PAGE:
Hunt Around the World with these Cartridges
By Chuck Hawks
Illustration courtesy of Winchester Repeating Arms.
Every so often questions arise about hunting exotic game in far off lands. Of course, far off lands could be Texas for a hunter from New Zealand, or Sweden for a hunter from South Africa. Regardless, the small bore cartridges (.32 caliber and smaller) featured in this article should be at home practically anywhere and are appropriate for the traveling hunter.
One important consideration for anyone hunting away from home is the availability of ammunition. In case the airline loses the bag containing your ammunition, it is a pious idea to travel overseas with a rifle for which ammunition can be purchased locally. The cartridges below are generally available where big game is hunted.
Versatility is another important consideration, as today almost all hunters travel by air and can take only one, or at most two, rifles. This is a significant change from the first half of the 20th Century, when travel overseas was predominately by steamship and hunters could take a battery of rifles.
In addition, the hunter will carry his or her own rifle in the field, so it must not be too heavy. This mitigates against very powerful calibers that necessarily require heavy rifles to keep recoil at tolerable levels. For both comfort and convenience, an all-around travel rifle should not be overly burdensome.
Nor should the rifle be so light that it is not steady from the offhand position, or have a short barrel that causes excessive muzzle blast and velocity loss. Bear in mind that factory ammunition specifications are typically derived in 24 inch test barrels. A field weight (meaning with a full magazine, scope and sling) between eight and nine pounds with a 22 or 24 inch barrel is a reasonable compromise.
A suitable general purpose cartridge for the traveling hunter should permit shots at reasonably extended ranges, although long range shooting should be avoided whenever possible. A maximum point blank range (MPBR) +/- 3 inches of at least 250 yards seems like a reasonable requirement. Shots at big game animals should never be attempted beyond the MPBR of the cartridge/load.
Following are specific cartridge suggestions for the traveling hunter, listed in increasing order of power and recoil with typical loads. All of these can be used in rifles that meet the basic requirements mentioned above.
Adopted by Sweden and Norway in 1894 as their standard military cartridge, the 6.5x55 was originally loaded with a 156 grain RN bullet at a muzzle velocity (MV) of 2379 fps. When the major powers adopted spitzer (pointed) bullets at higher velocity in the early years of the 20th Century, the Swedes followed suit, going to a 140 grain spitzer bullet at a MV of 2625 fps.
Like other successful military cartridges, the 6.5x55 was quickly adopted by hunters, initially in Scandinavia and later around the world. It has been used to take everything from polar bears (the world's largest predators) and moose on down. For the very largest animals at medium range, a 156-160 grain RN bullet (SD ~.328) at 2300-2400 fps is probably the best choice, but the all-around money load is a 140 grain bullet (SD .287) at around 2700 fps, which provides a MPBR (+/- 3 inches) of about 265 yards.
The 6.5x55 was specifically designed for reliable feeding in extreme conditions and this, along with its slightly greater case capacity, gives it an advantage over the later and ballistically very similar .260 Remington and 6.5mm Creedmoor. Of these three cartridges, only the 6.5x55 qualifies as a worldwide hunting cartridge.
Like the 6.5x55 and .30-06, the 7x57 was upgraded to a spitzer bullet early in the 20th Century and went on to greatness as a hunting cartridge. For the very largest animals, a 175 grain RN bullet (SD .310) at 2440 fps is still available. This is the bullet weight, in FMJ form, made famous by ivory hunter W.D.M. Bell as an elephant load.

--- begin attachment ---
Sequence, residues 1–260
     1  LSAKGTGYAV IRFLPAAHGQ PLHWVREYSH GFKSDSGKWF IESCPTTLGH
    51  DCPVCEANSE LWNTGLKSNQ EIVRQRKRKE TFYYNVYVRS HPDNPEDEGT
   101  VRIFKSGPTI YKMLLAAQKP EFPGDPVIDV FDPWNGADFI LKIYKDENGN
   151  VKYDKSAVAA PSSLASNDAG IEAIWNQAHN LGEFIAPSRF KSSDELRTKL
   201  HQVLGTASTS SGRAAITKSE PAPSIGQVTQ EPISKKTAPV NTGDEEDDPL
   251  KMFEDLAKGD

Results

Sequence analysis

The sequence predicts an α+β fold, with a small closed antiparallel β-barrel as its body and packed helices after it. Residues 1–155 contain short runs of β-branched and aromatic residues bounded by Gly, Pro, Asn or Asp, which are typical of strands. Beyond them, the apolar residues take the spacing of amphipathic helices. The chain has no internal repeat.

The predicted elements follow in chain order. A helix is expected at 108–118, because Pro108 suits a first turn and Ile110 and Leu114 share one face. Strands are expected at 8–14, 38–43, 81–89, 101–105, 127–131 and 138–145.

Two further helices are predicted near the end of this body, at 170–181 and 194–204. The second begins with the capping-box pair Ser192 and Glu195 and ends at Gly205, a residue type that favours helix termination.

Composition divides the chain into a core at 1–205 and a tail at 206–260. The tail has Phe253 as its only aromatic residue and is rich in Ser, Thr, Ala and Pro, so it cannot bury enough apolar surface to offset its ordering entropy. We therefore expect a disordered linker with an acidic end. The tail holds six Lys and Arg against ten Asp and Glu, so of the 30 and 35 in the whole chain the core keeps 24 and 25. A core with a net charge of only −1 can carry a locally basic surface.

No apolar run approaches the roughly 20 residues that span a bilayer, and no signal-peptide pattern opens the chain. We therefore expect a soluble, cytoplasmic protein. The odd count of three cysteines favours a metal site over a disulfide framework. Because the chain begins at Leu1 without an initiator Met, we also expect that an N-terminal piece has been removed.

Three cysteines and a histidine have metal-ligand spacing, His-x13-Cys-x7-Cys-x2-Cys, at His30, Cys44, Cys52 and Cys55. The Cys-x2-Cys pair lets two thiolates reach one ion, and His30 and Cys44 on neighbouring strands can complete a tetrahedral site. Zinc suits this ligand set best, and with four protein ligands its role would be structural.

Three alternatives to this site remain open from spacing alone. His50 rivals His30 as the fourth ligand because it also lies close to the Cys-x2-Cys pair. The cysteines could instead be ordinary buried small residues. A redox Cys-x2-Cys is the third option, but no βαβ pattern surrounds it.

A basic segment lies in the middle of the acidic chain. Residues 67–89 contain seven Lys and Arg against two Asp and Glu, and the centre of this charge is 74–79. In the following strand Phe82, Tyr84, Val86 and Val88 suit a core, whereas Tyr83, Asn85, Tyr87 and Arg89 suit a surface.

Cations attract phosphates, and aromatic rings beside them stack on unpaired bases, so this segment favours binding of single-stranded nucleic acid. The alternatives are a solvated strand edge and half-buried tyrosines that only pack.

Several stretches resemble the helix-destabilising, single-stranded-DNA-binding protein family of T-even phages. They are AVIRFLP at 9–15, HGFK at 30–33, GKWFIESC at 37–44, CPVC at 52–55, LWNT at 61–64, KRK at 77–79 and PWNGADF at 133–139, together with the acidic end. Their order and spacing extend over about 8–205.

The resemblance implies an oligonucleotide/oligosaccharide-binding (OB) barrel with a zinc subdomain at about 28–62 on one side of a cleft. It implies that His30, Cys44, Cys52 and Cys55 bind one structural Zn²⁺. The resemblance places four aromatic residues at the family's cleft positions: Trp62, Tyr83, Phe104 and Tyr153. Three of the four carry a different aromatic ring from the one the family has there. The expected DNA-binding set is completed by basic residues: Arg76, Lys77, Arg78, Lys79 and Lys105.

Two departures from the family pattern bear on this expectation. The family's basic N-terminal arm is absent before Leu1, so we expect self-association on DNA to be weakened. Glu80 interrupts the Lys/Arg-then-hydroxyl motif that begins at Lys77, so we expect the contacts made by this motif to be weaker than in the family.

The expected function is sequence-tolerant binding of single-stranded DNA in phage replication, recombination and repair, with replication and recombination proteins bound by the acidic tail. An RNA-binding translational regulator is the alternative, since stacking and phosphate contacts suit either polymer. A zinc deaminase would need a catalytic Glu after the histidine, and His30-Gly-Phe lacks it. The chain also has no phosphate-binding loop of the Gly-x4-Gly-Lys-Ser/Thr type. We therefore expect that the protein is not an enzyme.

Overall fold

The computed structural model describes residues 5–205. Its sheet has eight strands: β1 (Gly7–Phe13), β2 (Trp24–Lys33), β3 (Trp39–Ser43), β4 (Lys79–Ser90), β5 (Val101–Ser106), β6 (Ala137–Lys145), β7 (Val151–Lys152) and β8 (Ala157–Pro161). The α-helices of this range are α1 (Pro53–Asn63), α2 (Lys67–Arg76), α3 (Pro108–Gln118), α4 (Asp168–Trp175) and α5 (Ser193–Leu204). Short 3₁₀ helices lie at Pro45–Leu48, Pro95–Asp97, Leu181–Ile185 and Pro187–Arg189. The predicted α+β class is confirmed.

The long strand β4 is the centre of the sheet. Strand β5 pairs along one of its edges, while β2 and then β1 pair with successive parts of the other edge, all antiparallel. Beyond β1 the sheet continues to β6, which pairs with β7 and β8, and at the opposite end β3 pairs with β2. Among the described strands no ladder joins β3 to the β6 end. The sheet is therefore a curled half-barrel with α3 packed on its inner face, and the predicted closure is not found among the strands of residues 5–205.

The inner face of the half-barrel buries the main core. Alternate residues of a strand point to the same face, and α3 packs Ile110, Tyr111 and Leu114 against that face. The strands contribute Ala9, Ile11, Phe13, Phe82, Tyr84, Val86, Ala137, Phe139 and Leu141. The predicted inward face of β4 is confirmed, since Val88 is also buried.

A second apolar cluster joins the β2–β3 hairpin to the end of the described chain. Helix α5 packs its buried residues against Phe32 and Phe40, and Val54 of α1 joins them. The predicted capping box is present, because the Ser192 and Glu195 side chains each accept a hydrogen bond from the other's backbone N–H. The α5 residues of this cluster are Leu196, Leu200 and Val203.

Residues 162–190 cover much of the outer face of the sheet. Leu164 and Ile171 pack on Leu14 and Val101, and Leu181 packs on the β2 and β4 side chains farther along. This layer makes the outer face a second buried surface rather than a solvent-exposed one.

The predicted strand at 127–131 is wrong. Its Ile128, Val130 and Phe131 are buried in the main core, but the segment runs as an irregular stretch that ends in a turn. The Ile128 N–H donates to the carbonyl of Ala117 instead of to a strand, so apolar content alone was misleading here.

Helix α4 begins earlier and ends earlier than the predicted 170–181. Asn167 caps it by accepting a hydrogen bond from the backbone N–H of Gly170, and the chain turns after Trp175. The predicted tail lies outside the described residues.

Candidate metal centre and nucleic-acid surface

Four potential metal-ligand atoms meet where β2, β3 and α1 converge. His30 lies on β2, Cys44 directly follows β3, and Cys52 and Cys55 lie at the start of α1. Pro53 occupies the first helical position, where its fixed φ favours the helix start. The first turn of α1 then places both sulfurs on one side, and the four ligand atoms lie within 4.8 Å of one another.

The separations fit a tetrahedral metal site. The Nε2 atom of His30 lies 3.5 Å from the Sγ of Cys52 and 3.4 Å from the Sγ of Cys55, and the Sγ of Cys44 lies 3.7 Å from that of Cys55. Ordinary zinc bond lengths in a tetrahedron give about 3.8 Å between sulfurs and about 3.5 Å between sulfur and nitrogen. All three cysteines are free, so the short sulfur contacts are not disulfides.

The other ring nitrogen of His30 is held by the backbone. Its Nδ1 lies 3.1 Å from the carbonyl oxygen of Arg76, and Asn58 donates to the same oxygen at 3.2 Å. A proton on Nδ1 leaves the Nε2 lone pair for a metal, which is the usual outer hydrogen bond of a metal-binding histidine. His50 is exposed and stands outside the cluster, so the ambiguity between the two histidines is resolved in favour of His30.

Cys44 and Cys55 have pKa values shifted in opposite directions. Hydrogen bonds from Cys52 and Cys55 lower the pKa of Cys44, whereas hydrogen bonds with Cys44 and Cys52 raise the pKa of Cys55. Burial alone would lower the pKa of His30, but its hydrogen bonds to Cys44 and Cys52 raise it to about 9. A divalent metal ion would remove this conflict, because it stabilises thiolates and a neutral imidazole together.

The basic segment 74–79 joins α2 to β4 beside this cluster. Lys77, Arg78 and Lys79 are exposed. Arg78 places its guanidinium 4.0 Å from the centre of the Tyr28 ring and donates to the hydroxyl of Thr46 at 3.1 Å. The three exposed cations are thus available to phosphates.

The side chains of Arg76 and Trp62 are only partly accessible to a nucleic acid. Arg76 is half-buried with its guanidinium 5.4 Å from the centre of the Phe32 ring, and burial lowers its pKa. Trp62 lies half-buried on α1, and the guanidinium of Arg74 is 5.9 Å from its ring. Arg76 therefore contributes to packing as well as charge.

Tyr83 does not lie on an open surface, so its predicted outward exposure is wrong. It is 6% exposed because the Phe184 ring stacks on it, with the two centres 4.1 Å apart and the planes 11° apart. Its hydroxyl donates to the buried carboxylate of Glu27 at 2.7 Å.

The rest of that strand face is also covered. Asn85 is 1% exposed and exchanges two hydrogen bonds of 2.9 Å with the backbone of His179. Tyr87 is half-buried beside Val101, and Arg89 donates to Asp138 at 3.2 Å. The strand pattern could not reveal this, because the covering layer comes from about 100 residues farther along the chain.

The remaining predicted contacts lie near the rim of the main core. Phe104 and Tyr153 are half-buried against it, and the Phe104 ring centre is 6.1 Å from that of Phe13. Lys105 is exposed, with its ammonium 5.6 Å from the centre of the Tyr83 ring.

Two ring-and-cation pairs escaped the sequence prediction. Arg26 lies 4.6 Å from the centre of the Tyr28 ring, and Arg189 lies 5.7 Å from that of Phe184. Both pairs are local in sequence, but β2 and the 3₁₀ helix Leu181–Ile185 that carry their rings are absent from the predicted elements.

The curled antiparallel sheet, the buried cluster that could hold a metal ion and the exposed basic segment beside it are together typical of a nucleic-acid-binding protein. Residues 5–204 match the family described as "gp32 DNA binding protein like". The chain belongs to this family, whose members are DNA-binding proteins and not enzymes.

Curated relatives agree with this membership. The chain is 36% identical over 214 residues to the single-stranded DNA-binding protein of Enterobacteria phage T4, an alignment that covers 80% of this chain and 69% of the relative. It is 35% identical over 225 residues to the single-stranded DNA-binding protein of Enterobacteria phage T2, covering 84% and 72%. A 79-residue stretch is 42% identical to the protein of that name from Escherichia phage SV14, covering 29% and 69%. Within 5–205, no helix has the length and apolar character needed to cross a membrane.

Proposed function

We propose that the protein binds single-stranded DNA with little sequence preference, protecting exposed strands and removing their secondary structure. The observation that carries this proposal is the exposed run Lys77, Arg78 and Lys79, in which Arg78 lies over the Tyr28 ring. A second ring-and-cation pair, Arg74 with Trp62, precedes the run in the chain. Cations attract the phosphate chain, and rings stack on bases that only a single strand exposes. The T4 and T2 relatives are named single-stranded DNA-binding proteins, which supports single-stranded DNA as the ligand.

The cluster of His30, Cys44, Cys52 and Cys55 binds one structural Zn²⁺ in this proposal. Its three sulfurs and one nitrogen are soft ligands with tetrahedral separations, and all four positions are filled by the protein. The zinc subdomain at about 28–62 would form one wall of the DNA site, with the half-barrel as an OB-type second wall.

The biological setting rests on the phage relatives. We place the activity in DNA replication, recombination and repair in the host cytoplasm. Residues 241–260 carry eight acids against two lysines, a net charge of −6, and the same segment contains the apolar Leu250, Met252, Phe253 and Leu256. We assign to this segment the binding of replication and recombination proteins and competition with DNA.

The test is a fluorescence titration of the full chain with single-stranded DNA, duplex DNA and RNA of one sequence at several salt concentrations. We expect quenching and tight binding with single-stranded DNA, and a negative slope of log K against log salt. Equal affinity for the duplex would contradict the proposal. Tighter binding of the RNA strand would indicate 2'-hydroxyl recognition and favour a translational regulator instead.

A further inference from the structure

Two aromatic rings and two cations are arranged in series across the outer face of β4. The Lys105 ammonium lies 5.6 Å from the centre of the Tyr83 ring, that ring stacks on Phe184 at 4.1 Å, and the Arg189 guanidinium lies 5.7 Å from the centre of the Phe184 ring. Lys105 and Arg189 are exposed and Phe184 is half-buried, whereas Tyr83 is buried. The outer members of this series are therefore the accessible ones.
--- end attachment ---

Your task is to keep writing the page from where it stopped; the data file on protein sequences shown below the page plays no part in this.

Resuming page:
Today, however, the most popular load for Class 2 game is a 139-140 grain spitzer bullet (SD .246) at around 2660-2700 fps. This provides a MPBR (+/- 3 inches) of 264-268 yards.
Alternatively, if Class 3 game are on the menu, 150-160 grain bullets can be loaded to about 2600 fps. Eleanor O'Connor famously used a 160 grain bullet (SD .283) to harvest the vast majority of her Class 2 and Class 3 big game in North America, India and Africa. A 160 grain Nosler Partition bullet at 2600 fps provides a MPBR of 257 yards.
The 7x57 is noticeably milder to shoot than the .270 Winchester and nearly identical to the 6.5x55 SE. Like the 6.5x55, it is more effective in the field than its paper ballistics might suggest. For many years my personal "go-to" hunting rifle has been a custom built 7x57 on a Husqvarna action.
Why Winchester chose an unusual .270 bore diameter and .277 inch bullet diameter for their premier long range hunting cartridge is a matter of speculation, but whatever the reason the result was a spectacular success. The .270 is one of the great all-around hunting cartridges and it can be found wherever big game is hunted.
Compared to 7mm cartridges, a .270 bullet of a given weight sacrifices a little cross-sectional area to gain a little sectional density. From the animal's standpoint, it is about a toss-up; dead is dead and nothing can live on the difference.
The load that made the .270's reputation is a 130 grain spitzer bullet (SD .242) at a MV about 3100 fps for a MPBR (+/- 3 inches) around 300 yards. This load has been used to take everything from the smallest Class 2 animals to Alaskan moose. Later, for the largest game, a 150 grain bullet (SD .279) at around 2850 fps was introduced. More recently, a 140 grain bullet (SD .261) at about 3000 fps has become a popular all-around choice.
To this day the .270 remains the standard of comparison for long range hunting cartridges. It shoots as flat as a 7mm or .300 Magnum and hits almost as hard, but kicks noticeably less. Less recoil and muzzle blast means the average hunter can shoot more accurately and achieve a higher percentage of one shot kills.
Winchester and the US Army collaborated in the design of this cartridge, the goal being to duplicate the velocity of the 150 grain .30-06 service round in a short action cartridge more suitable for use in semi-automatic rifles and machine guns. Winchester introduced the .308 as a hunting cartridge for civilian use in 1952, two years before it was adopted as the 7.62x51mm NATO service cartridge.